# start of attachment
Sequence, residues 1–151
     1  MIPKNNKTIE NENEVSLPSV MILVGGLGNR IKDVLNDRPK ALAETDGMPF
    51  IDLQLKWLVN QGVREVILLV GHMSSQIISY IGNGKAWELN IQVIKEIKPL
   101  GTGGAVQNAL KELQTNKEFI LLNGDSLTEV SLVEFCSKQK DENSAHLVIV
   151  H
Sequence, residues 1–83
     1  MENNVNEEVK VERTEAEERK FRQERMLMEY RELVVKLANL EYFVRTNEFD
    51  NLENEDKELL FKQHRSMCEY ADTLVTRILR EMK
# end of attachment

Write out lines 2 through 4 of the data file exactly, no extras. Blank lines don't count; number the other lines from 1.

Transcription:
     1  MIPKNNKTIE NENEVSLPSV MILVGGLGNR IKDVLNDRPK ALAETDGMPF
    51  IDLQLKWLVN QGVREVILLV GHMSSQIISY IGNGKAWELN IQVIKEIKPL
   101  GTGGAVQNAL KELQTNKEFI LLNGDSLTEV SLVEFCSKQK DENSAHLVIV